So, annually over the period from 2012 to 2016, fatal crashes involving large trucks was up by 2 percent, down by 5 percent, up by 8 percent, and up by 5.4%, for a net increase of 10.4%. What has been happening? Are the large trucks at fault in all or even most of these fatal crashes involving large trucks?

Ohio doesn't represent the entire USA, of course, but we read in a November 22, 2017, article that "Based on statistics from 2016, the Ohio DOT confirmed that the truck driver wasn't at fault in about 75 percent of fatality crashes involving a commercial motor vehicle."

Obviously, something needs to be done to prevent the fatal crashes for which truckers are at fault. But the focus needs to be on the greater of the two contributors, which is not the commercial motor vehicles or their drivers. Imagine the uproar that would ensue if non-commercial motor vehicles were all required to have monitoring systems in them!

I was very pleased to read in a November 30, 2017, article that Indiana Attorney General Curtis Hall sent a letter to the FMCSA, asking "for a delay on the mandate, citing the 'self-certification' provision in the current regulation that allows device manufacturers to claim their ELDs are compliant, without any government or third-party verification." He wrote that "with no effective procedures seemingly yet developed to provide oversight over such self-certifying -- drivers and operators are left without any way of ascertaining which brands and models of devices ultimately will pass muster ... They must fly blindly into investing in products they are being required to purchase."

Another aspect of the ELD mandate that has not been addressed appropriately is the possibility that ELDs can be hacked or operated remotely without driver input. We already know that reports about compliance can be sent to 2 entities other than the trucker!

As far as verification is concerned, one wonders if trucking companies that have been using ELDs for some time are any "safer" than trucking companies that haven't been using them. According to one resource I read last night, a large trucking company that uses ELDs has a poor safety record!

What about the economic impact of ELDs? Well, first there is the cost of the device, then the ongoing cost of the service, and then the cost of training a driver on how to use the device and service. (I wouldn't trust any company that doesn't charge a monthly fee for service, because there will be no motivation to keep the service compliant. Just saying...)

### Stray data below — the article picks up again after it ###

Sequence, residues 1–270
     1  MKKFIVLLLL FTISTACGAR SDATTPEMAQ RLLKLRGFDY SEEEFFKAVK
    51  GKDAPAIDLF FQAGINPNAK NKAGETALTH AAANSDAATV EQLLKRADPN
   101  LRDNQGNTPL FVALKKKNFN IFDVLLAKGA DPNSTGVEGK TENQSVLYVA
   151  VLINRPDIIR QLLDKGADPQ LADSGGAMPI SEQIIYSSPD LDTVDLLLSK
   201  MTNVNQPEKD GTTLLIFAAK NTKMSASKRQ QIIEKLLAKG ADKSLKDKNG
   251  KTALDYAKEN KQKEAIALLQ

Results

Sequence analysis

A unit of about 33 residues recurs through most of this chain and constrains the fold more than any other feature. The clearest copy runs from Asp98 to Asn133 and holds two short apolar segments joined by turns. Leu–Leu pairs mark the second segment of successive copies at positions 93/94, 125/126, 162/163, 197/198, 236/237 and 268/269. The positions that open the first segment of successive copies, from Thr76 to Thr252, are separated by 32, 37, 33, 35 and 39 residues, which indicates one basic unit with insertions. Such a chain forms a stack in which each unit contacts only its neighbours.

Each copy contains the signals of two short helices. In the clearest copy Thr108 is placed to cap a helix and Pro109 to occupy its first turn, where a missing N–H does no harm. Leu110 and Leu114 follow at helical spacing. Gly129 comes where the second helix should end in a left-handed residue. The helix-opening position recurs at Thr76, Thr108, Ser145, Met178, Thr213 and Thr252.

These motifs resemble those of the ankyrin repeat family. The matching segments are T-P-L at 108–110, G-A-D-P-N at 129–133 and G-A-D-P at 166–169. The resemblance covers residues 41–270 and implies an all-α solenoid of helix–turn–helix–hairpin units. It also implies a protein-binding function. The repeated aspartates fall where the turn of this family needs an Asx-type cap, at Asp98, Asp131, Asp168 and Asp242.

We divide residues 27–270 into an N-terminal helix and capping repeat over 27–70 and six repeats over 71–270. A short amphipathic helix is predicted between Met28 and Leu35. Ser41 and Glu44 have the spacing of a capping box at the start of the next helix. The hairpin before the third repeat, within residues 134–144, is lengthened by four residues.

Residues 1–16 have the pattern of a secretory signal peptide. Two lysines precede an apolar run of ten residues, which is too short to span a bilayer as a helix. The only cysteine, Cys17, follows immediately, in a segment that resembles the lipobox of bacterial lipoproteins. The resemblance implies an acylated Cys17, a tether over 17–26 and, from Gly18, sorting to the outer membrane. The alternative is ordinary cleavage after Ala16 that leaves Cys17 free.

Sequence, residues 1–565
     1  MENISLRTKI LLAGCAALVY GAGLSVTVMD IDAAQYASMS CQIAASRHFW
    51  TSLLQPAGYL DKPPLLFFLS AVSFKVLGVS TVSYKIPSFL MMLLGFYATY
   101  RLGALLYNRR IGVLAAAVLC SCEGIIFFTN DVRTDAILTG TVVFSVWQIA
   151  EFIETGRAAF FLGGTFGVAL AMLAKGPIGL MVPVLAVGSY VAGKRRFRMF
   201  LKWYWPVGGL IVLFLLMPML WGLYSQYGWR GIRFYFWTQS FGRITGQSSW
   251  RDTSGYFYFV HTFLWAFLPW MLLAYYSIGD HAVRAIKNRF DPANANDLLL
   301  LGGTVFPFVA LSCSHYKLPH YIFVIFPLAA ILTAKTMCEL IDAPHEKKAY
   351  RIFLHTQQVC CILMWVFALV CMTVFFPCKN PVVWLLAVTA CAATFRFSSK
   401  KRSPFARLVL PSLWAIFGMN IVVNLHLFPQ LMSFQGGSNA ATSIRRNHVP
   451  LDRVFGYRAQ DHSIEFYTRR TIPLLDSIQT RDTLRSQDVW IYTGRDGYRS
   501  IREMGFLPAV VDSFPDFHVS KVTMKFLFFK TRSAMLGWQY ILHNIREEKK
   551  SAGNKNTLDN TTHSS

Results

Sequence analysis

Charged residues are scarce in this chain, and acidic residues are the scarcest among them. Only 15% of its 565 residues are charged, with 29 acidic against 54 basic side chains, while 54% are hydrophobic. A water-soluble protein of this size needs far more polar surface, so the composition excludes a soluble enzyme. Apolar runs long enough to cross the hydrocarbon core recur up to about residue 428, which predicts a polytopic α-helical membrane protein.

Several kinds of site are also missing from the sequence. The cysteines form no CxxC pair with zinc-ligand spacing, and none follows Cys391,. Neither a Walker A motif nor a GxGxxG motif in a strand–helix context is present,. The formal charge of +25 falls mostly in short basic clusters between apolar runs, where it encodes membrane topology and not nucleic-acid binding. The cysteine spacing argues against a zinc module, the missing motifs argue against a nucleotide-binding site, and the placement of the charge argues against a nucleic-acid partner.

Will the ELD save time and money in the long run? Supposedly, "the net benefits of ELDs outweigh the costs with expected paperwork savings of over $1.6 billion annually" (link). With 3.5 million trucks in operation, that assumes an annual savings per truck of over $457 per year. Is that reasonable?

What about the ongoing cost of the ELD service? If 3.5 million trucks pay $50 per month, that will be an outlay of $175 million per month. Multiply that by 12 months for an annual cost of $2.1 BILLION in service fees -- after the cost of the equipment and installation! (That's whole lot of money that can be put into increasing driver pay.)

What about the cost of lives? If the ELD mandate is estimated to save 26 lives every year -- at an ongoing cost of $2,100,000,000 per year -- then that means that each of those lives is worth $80,769,230.76 annually. At $80,769,230 per year, that's about $221,285 per day. Why aren't truckers being treated and paid as if they weren't worth that much money?

So, this issue is about far more than just moving a commercial driver's Record of On Duty Status (RODS) from paper to an electronic format. This is about power and control. And it's also a move toward replacing professional truck drivers with autonomous trucks. The only problem is that if 75% of the fatal crashes involving large trucks aren't the truck driver's fault, then in such situations, it won't matter if the "operator" of a truck is a human or a machine. There will still be truck crashes because the fault lies with the operator of the other vehicle.

Read more about the December 4, 2017, protests against the ELD mandates here and here.

My husband Mike and I wish you -- and all professional truck drivers -- safe travels and lots of money saving opportunities on the road.


From the TDMST Weekly Round-Up: 2017.12.09

This is the TDMST Weekly Round-Up of news affecting professional truck drivers, written by Vicki Simons for the week ending December 9, 2017.

We welcome your comments, thoughts and feedback on the items of your choice below.